Technology: Using ESI to your advantage

ESI doesn’t have to ruin or dominate your litigation strategy.

Electronically stored information (ESI) collection not only dominates the discovery phase of every e-discovery case, but it also is a key litigation strategy. The strategic element can be especially painful when you are on the wrong side of a case involving asymmetrical obligations.

Asymmetrical obligations arise when one party has a disproportionate share of ESI burden. An example of this situation would be an aircraft manufacturer in a case involving an airplane crash, consumer-based class actions, securities litigation and usually in any type of employment case.

When you are on the wrong side of the burden, it is tempting for the other side to use ESI as a sword to increase the blackmail value of the case. Counsel must be strategic in defending overbroad ESI requests. The key to handling these issues is targeted collections.

Because much of the ESI costs relate to the attorney review, you should “preserve broad and collect small.” Just because you preserve something doesn’t mean you have to collect it. Broad preservation is important because once something is appropriately preserved, you can always go back to it. Targeted collections are critical to the often disproportionate costs of collecting and reviewing ESI, especially in asymmetrical situations.

The 3 keys to targeted collections

1. Plan for ESI. Find out all of the potential sources of ESI before you are sued. A lot of people talk about data mapping, but it’s more effective to think of people mapping—that is, focus on how key individuals at the company store their information.

2. Take control of the process from the beginning. It’s vital to have ESI obligations defined at the beginning of the case. Complete the preservation process and then focus on collection. At the beginning of the case, only agree to collect information from non-redundant sources and key people. Tell your adversary exactly what you are going to do and dare them to go to the court to complain about it.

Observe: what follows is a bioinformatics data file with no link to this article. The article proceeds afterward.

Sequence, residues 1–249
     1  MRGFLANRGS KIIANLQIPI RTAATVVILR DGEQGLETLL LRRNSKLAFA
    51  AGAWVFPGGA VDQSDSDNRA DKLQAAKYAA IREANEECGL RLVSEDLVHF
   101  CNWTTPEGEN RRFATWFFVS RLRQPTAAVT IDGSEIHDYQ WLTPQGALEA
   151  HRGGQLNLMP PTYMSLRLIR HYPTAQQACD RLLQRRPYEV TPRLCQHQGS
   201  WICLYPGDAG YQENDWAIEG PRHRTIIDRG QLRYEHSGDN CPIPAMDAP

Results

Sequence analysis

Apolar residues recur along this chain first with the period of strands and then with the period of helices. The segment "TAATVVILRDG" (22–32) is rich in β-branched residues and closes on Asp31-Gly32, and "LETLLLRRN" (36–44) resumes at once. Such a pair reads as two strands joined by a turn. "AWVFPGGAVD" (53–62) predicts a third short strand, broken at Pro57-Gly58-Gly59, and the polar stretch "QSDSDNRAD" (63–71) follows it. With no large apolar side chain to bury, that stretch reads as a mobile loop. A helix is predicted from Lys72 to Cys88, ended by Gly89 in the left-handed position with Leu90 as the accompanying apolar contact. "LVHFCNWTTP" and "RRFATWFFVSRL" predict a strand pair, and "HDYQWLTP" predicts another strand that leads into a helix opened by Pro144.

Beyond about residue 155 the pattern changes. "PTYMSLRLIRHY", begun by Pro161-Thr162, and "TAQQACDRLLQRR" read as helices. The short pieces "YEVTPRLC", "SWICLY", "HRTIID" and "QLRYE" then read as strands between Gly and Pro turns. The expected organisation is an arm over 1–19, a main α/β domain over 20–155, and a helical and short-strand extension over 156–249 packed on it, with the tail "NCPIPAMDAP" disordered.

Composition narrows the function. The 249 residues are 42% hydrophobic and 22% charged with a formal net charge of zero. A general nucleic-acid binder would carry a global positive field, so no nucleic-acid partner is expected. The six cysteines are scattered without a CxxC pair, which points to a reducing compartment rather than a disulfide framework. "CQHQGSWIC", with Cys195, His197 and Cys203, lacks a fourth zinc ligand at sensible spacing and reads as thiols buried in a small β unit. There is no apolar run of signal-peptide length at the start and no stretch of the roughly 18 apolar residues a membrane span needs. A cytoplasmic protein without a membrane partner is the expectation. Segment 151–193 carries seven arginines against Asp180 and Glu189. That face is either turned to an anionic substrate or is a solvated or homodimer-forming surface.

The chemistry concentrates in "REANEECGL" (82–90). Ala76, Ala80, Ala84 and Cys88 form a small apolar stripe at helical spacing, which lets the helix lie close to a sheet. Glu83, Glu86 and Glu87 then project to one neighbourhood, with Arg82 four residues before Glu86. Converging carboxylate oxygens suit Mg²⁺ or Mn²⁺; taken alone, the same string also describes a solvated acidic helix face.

This point is counter-intuitive to many lawyers, especially defense counsel. Many times they want to avoid discussing ESI, hoping that the plaintiffs won’t bring it up. Sometimes this works, but it’s like playing Russian roulette. Even if your adversary does not initially ask for ESI, they often will in the middle of discovery. By the time the ESI is requested, it may have already been deleted and, in that case, you are facing an expensive spoliation fight. The solution is to develop your own plan for what you agree to collect. Be reasonable and not too narrow because you do not want the judge to think you are trying to avoid your ESI obligations.

3. Be willing to fight. If the other side balks at your targeted collection plan, file a motion and go to court. It is much more effective to try to convince a judge to limit your ESI obligations at the beginning of the case. Most spoliation sanctions occur when ESI issues arise toward the end of discovery. Instead of allowing more time for discovery, the court will issue sanctions to preserve the trial date that is usually very difficult for the court to schedule in the first place.

If you lose the motion, who cares? At least you know what the rules of the game are at the beginning. If the court disagrees with your approach for targeted collections, it is easy to go back to what you have already preserved and collect more data. While this may be more expensive, at least the data is still there and you are not dealing with a spoliation fight.

The lesson is that ESI doesn’t have to ruin or dominate your litigation strategy. If you use targeted collection from the beginning of the case to establish the parameters for ESI moving forward, you will not waste time and money doing “discovery about the discovery.” You will be able to focus on the substantive issues of the case and ensure ESI will not be used as a sword against you.

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